Life has changed for the employees of Pennywise Plaza as they returned to work for the first time since Monday’s horrific shooting.
But while police stepped up patrols and counsellors were on hand to speak to affected workers, the employees say they remained traumatised by the fatal robbery.
Security officer Chris Nicholas said no longer could he do his job in the same way.
“It is a different time now. We have to watch everything because we never know what will happen,” Nicholas said.
His eyes glistened with tears as he recalled how he ran inside and took cover when over 100 bullets rang out, shattering the peace.
“At first I thought was firecrackers, the number of shots that start to take place. It was terrifying, it frightened us, and no one expected that. We working here four years and the first time this actually took place,” he said.
As a frontline security guard, Nicholas said he remains worried but felt happy to see frequent police patrols.
“Police came three or four times already so we are feeling safe. Those who are traumatised feel better. The police making us feel like we could stay and work again,” he explained.
Nicholas said many people were now more vigilant.
“Long time I was more relaxed but now these days we on our P’s and Q’s. Now it is not a normal relaxed mood. We cannot sit no more, come outside no more, that shooting changed the compound,” he revealed.
For those who feel hopeless, Nicholas said there were other avenues rather than committing crimes.
“Call the hotlines and counsellors and instead of taking on the crime, do better. You are frightening your neighbours. Use the opportunities that the government put in place for us. We are one people, let us do better,” Nicholas said.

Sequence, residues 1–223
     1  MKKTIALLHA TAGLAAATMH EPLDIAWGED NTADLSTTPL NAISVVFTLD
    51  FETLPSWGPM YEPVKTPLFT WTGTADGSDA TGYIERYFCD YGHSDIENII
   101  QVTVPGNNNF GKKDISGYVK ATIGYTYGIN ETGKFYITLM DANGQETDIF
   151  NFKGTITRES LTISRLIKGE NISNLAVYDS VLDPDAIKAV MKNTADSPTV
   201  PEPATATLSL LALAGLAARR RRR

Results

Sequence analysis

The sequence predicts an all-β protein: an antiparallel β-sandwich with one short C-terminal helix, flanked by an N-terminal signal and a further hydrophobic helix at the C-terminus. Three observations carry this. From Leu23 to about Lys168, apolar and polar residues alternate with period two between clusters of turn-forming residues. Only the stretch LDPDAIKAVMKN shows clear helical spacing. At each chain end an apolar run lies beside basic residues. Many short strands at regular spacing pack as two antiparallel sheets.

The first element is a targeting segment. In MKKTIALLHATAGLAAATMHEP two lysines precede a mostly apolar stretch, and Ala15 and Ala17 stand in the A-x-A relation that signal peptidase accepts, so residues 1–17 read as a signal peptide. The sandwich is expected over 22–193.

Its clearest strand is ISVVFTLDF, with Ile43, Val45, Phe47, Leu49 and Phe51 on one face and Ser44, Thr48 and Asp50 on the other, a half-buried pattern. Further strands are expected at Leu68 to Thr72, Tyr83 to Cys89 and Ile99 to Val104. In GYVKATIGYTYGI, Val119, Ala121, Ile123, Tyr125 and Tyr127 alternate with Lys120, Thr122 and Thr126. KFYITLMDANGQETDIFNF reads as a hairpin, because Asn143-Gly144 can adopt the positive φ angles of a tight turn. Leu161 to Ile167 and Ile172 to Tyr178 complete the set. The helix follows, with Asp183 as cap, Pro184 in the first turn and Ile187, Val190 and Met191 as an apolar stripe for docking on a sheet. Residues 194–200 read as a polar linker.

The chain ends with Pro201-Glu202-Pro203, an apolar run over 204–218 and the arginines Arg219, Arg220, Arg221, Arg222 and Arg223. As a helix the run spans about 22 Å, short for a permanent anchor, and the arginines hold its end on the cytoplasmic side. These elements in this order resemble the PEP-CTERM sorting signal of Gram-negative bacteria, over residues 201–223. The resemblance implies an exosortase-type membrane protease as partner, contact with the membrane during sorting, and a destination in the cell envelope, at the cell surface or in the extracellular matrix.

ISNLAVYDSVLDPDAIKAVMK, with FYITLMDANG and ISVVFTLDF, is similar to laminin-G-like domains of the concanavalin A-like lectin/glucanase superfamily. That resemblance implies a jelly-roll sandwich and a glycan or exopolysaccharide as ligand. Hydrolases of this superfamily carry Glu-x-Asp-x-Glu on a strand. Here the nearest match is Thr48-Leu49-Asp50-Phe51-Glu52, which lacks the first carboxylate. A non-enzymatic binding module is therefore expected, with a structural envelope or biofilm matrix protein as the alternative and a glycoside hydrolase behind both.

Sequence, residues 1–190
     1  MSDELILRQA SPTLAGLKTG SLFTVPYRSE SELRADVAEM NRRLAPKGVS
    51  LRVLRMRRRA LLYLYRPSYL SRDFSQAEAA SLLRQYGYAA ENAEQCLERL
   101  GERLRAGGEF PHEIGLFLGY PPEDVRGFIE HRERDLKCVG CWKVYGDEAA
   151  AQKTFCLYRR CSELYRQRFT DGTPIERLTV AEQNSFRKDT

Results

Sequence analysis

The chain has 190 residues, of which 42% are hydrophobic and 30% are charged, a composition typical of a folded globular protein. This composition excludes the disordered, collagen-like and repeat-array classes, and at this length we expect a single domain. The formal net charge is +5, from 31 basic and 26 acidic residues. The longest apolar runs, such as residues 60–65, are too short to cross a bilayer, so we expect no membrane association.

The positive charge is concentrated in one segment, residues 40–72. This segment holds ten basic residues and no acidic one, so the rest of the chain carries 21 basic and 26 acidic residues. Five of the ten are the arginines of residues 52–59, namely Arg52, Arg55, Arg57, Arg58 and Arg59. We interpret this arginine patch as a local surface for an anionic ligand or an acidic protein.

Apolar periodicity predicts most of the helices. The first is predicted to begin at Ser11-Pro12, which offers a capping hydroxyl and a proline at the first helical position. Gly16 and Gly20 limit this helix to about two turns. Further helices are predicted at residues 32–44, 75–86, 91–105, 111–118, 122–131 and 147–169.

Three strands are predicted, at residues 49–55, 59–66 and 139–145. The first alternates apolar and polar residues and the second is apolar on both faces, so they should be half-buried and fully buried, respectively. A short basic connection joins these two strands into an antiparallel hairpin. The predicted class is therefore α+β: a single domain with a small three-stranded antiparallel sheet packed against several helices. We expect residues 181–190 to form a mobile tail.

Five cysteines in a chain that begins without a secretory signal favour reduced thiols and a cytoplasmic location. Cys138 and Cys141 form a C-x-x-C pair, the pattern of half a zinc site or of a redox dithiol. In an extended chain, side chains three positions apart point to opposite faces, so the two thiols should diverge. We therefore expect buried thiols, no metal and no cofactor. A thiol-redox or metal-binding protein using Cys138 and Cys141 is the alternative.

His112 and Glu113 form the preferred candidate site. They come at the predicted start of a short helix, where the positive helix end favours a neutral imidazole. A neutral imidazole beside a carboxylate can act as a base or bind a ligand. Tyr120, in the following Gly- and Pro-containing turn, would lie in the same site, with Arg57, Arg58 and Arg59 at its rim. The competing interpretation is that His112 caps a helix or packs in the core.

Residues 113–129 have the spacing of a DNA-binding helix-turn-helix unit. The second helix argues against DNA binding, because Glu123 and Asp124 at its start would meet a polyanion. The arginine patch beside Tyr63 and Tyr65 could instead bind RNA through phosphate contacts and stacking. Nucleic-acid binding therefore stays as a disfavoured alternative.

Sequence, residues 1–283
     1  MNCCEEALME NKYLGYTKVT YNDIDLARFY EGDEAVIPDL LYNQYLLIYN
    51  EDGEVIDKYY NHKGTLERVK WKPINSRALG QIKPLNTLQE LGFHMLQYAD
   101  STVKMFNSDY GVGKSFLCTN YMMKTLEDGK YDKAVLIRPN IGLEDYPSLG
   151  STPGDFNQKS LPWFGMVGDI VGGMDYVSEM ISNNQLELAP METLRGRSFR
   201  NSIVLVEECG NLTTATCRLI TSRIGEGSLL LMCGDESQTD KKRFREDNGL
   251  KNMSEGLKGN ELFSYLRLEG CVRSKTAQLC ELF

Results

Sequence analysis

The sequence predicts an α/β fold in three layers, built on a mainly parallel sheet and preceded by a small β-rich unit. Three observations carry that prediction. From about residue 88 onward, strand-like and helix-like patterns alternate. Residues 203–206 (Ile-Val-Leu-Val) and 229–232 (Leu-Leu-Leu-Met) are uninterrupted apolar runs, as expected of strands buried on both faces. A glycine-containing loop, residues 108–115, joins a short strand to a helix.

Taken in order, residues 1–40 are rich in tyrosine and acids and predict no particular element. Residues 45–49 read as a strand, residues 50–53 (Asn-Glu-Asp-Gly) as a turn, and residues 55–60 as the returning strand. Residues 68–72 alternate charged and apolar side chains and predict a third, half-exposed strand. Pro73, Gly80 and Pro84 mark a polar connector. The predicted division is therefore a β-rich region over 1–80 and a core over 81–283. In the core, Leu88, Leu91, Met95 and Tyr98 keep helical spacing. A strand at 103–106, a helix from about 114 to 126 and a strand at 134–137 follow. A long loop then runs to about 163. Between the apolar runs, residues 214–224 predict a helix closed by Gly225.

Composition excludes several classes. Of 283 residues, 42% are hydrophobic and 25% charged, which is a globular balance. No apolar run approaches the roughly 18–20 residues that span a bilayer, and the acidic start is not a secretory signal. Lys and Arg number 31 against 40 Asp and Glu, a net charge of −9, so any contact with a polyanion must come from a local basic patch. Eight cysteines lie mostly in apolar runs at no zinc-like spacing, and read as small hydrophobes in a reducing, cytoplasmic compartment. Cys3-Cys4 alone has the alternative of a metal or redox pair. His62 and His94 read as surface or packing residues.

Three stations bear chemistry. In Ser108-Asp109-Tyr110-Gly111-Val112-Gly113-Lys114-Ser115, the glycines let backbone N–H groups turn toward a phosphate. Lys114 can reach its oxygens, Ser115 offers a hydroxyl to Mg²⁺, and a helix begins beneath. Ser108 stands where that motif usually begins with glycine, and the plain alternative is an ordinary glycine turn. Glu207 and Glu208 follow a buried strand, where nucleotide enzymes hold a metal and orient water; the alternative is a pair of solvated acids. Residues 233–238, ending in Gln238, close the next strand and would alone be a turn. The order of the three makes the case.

Meanwhile, Rupert Blackman who came to shop at Pennywise, said the shooting should serve as a grim reminder to parents that they should do better in raising their children.
“It all starts from home. That level of criminality is outrageous and frightening. You have to live and cannot put yourself under house arrest. This crime thing starts at home, parents have to train their children. Is young people, youths, babies that committing these crimes,” Blackman said.
Meanwhile, a manager at Rattans, located in the Plaza said the incident was scary.
She said when she heard the shots she walked by the door and saw what was happening.
“I tell them to close the door, close the door. We stayed half an hour inside there and collected ourselves and then we left the premises,” she said.
The manager said prayers to God had helped her.
“It is all about prayers, come to work and pray for the best. These things can happen any day and at any time,” she said.
Noting that Pennywise had good security, the manager said she was grateful that counselling was being provided.
Meanwhile, director of Pennywise Dr Shivum Paladee said counsellors were hired to speak to staff throughout the day.
He said anyone suffering from trauma following the ordeal should come forward and accept help without feeling ashamed.